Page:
About the Book
Secrets of a Stingy Scoundrel is essentially extreme tips for saving money and losing any semblance you may have of dignity. Phil Villareal provides 100 tips to help you learn how to do things like:
- Get free meals at restaurants
- Finagle your way into a cheaper hotel room
- Save money at the club and,
- avoid contributing to company gifts
What I Liked
This was an honestly entertaining tome. The tips were wildly outrageous and in some instances down right dirty. If you are willing to take the advice with a grain of salt then you will be entertained. Added to all of that there are actually some good tips you can actually use mixed in with the tips that will get you shunned socially. A few of the decent tips include:
- Troll around campus when the semester is over looking for left behinds from snotty college kids.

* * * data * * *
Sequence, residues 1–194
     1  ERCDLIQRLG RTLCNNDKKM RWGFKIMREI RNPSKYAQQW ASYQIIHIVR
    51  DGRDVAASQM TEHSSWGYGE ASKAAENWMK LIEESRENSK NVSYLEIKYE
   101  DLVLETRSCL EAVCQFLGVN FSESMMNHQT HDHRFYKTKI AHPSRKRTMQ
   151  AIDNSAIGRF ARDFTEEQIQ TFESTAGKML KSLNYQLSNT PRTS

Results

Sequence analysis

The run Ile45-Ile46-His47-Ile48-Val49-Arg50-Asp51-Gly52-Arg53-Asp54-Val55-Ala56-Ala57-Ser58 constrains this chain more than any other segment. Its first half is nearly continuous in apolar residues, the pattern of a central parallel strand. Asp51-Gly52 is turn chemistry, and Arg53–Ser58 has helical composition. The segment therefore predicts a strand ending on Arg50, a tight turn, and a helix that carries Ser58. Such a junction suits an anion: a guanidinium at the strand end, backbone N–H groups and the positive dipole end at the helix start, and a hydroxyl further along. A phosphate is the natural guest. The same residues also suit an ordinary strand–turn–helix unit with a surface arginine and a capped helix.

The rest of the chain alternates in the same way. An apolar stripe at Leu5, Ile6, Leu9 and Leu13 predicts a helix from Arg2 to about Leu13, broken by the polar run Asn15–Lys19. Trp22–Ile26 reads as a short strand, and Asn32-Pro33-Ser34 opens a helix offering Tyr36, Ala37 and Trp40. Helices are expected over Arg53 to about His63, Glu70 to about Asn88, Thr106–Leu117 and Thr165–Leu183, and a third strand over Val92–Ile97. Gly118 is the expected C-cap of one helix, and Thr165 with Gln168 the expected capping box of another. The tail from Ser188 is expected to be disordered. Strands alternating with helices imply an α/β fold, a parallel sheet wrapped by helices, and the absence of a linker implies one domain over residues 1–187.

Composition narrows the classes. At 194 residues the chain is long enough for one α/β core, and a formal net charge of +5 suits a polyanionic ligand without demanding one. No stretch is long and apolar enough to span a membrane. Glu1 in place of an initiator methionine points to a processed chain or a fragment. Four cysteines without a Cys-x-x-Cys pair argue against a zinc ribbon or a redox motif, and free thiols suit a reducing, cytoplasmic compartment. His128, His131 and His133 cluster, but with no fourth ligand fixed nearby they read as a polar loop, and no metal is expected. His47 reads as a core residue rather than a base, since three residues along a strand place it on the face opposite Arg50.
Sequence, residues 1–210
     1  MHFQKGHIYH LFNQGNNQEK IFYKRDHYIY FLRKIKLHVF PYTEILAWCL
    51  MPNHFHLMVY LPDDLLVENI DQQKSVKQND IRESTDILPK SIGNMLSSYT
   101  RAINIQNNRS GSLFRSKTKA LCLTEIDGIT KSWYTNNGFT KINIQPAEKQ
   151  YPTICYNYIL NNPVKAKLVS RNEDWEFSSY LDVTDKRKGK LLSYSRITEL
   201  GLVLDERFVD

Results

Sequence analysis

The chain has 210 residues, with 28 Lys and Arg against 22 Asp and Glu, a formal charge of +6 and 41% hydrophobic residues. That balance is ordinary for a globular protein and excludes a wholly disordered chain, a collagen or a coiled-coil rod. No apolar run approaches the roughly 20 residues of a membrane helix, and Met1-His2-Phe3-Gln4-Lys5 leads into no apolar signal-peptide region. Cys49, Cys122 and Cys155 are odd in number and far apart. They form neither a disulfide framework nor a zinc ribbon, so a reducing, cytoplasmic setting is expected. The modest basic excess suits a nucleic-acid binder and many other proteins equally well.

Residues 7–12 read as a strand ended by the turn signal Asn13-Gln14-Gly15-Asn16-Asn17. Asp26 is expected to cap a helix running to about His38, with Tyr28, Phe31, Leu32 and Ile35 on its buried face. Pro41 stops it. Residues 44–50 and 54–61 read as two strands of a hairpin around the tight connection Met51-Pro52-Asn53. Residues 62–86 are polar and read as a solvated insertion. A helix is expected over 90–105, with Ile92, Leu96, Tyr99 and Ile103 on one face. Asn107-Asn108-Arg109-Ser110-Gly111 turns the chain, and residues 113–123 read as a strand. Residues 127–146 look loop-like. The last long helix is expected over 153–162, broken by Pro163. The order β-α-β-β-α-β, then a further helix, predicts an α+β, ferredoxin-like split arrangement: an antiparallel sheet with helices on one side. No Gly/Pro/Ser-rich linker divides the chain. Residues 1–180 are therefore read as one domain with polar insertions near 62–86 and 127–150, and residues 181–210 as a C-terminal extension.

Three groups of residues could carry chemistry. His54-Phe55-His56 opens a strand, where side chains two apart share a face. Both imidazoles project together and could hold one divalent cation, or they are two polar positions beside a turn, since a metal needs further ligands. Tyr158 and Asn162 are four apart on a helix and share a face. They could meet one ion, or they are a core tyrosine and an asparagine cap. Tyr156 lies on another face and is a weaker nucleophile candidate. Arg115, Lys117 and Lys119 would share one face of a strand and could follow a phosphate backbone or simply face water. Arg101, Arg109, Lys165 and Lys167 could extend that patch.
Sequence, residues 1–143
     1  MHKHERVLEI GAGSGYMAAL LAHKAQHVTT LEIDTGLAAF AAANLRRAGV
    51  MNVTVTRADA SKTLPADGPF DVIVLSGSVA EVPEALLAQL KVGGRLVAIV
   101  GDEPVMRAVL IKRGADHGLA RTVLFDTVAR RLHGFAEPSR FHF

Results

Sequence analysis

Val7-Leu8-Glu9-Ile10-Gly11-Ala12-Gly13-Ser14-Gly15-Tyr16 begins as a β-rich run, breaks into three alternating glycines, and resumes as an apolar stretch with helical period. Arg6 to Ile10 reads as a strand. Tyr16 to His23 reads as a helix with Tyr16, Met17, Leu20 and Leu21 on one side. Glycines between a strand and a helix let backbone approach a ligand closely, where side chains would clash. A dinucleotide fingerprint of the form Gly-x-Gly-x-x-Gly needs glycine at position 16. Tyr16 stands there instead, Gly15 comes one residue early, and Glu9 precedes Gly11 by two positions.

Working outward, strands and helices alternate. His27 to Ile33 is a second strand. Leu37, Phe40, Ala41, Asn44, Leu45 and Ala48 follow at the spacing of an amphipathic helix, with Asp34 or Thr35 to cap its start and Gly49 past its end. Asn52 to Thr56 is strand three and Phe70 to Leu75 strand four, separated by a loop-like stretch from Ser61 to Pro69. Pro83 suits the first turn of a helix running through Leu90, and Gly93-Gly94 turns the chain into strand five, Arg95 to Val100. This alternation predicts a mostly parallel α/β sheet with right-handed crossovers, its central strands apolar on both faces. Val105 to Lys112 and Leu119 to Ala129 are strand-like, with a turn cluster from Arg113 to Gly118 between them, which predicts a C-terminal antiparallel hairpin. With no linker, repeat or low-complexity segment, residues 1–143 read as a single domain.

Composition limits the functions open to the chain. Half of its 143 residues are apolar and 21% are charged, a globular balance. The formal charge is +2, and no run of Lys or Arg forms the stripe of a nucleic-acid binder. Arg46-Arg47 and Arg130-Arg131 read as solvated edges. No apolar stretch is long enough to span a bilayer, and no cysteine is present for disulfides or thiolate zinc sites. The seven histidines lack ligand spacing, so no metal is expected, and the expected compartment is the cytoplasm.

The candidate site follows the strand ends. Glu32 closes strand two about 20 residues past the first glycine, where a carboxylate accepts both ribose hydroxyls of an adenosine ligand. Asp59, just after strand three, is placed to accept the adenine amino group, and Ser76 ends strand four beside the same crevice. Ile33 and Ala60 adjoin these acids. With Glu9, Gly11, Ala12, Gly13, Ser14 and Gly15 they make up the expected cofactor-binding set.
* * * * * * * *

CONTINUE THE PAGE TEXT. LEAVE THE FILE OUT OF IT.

- When hitting the clubs pack a flask so you aren’t paying out the rear for drinks
- Walk the extra distance to get to your own ATM and avoid paying costly out of network charges.
What I Didn’t Like
Some of these tips are down right evil, and borderline illegal. I am not certain of the laws associated with credit card fraud. I am pretty sure that running up a $300 tab and then calling the card company later and claiming it should have been $30 is shady. Other things are shady, take the recommendation that you purchase a cubic zirconium engagement ring and claim it is a family heirloom. The author even suggests you SHOULD theater hop at the movies, and pick up stray unattended tips sitting on the bar.
About the Author
Phil Villarreal is a film critic for the Arizona Daily Star, contributer to OK! Magazine, runs two blogs, and is the author of Stormin’ Mormon. He has worked as the movie critic at the Daily Star since 2001.
The book was entertaining and it is certainly worth the read, just please don’t go through and actually do all 100 of these tips. I thought I was going to have to write a scathing review of a book about cheating the world. Instead I found the book to be written well enough that people would find the gems in the mess of humor.